Flash CS5 + Project Panel + Developer View = Pretty good way to code

I have been a Flash Develop devotee for that last 3 years. Even after I bought my Mac I made sure to install and keep Parallels updated as to not lose the feature-set I love so – Flex asset compile-time embedding, custom class and package recognition,  a unified project work space, and the simplicity lacking in some of the Eclipse-Focused IDE options. I have always found that development environment inside the Flash IDE to be a little lacking, but I really like the design tools the IDE offers a well-rounded game developer.

I have been using both together for a number of years. I never bought a copy of CS4, so I had been using the Flash Develop / CS3 combination for quite some time. In CS3 I would create assets and save them out as SWF  files and in Flash Develop I would create my AS3 Flex project and string the whole thing together by loading (at run-time)  or embedding assets at compile-time.

This was a great way of working until last week when I updated Parallels and for some reason Flash Develop stopped being able to work with my Mac folders. This forced me to create separate Flash Develop project folders on my Parallels Windows partition and copy the files back to the Mac to be able to work on them in the Flash IDE.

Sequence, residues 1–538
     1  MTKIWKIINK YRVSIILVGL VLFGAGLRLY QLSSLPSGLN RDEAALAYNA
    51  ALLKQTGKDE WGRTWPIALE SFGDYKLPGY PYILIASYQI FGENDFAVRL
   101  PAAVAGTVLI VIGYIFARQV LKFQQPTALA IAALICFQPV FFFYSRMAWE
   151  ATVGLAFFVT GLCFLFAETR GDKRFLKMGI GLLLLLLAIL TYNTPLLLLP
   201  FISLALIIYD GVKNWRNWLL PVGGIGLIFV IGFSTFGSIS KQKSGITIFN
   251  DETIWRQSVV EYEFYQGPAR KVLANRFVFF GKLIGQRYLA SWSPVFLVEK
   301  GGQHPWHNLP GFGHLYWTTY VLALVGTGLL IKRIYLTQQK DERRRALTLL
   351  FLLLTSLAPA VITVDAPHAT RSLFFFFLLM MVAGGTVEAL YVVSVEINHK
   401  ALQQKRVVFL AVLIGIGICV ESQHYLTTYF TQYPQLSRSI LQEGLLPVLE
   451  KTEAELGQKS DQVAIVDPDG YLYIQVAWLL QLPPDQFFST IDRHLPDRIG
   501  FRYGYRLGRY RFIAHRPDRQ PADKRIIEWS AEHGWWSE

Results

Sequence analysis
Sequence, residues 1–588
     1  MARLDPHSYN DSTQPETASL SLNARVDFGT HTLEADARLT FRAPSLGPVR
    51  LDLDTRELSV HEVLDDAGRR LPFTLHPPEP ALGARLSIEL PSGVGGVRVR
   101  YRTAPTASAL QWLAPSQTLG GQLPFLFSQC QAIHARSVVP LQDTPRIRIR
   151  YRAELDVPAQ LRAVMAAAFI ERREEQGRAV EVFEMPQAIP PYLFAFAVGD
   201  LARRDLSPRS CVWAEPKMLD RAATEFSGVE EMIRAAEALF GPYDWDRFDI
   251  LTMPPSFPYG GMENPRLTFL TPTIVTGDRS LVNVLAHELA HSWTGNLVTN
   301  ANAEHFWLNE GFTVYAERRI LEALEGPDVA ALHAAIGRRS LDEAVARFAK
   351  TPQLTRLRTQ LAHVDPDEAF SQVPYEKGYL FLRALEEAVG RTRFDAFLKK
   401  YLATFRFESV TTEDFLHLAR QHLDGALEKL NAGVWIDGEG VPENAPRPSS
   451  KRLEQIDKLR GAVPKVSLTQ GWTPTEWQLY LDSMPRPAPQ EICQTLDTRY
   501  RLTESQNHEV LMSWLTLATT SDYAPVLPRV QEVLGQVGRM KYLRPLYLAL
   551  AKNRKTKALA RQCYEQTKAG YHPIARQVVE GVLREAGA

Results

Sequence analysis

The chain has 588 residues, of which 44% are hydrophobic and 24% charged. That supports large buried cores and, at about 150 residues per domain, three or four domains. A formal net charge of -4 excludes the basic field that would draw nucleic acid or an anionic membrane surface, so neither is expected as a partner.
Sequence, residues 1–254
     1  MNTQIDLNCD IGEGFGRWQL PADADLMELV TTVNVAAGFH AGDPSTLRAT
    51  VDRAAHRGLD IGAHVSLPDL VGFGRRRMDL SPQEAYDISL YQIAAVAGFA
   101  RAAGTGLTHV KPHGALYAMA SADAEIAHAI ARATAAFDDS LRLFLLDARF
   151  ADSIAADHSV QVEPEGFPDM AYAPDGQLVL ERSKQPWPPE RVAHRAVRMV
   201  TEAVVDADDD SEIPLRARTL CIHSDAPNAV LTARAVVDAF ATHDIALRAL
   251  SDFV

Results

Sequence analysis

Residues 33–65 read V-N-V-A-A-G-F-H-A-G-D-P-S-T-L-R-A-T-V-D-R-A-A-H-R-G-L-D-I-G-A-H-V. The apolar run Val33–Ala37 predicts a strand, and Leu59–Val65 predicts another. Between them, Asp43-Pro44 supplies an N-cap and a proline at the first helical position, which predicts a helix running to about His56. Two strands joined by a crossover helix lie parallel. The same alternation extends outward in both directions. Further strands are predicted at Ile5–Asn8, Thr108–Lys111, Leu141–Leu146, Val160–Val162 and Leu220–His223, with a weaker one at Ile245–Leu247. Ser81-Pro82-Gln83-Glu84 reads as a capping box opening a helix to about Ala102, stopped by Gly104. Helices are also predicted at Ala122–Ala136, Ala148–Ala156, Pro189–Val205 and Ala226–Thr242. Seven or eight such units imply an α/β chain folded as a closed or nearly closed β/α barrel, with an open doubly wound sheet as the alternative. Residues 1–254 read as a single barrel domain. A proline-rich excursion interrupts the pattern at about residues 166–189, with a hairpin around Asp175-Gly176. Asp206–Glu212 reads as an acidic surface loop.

Luckily I purchased a shiny new copy of Flash CS5 last week and decided to see if I could replicate the basic features of Flash Develop in the IDE. First I found the almost hidden “Project” Panel and created a new AS3 project. I created a .fla in the root and a simple package structure for my new project starting there. Flash CS5 figured out the structure right away and even created new class files with the right package name! Score!

Next I switched the IDE to the “developer” view which got rid of the timeline and replaced it with the Project Panel, Debug window and large editor screen. My final test was to see if I could create a custom class in the new package structure and have the IDE recognize it. I placed a new class file into the package, and then in my Main.as I created an instance of it. Without having to include the package or the class, the IDE recognized it and I was able to see the constructor (but not it’s parameters). I could  see the public properties and methods as well as the parameters to them though (including the constructor) after I created an instance of the class.

This was enough to get me encouraged and moving in the right direction. I will continue to play with it, but for now it gives me most of what I could want in a single Flash (not Flex) development environment.  I will still be using my trusty Flash Develop environment for pure Flex or AS3 projects that don’t require heavy IDE involvement.

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